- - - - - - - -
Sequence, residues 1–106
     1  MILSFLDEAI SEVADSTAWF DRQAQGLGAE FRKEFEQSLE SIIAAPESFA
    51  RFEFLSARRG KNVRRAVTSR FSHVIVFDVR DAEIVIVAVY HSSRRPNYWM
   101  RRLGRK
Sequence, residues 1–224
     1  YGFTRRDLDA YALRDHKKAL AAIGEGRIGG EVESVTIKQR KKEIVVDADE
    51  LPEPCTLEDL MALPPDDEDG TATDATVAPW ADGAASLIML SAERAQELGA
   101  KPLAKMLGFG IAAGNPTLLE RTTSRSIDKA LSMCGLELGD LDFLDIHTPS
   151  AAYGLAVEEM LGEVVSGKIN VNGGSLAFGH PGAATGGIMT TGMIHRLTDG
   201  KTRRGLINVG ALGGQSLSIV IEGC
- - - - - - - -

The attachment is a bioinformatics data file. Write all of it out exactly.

Sequence, residues 1–106
     1  MILSFLDEAI SEVADSTAWF DRQAQGLGAE FRKEFEQSLE SIIAAPESFA
    51  RFEFLSARRG KNVRRAVTSR FSHVIVFDVR DAEIVIVAVY HSSRRPNYWM
   101  RRLGRK
Sequence, residues 1–224
     1  YGFTRRDLDA YALRDHKKAL AAIGEGRIGG EVESVTIKQR KKEIVVDADE
    51  LPEPCTLEDL MALPPDDEDG TATDATVAPW ADGAASLIML SAERAQELGA
   101  KPLAKMLGFG IAAGNPTLLE RTTSRSIDKA LSMCGLELGD LDFLDIHTPS
   151  AAYGLAVEEM LGEVVSGKIN VNGGSLAFGH PGAATGGIMT TGMIHRLTDG
   201  KTRRGLINVG ALGGQSLSIV IEGC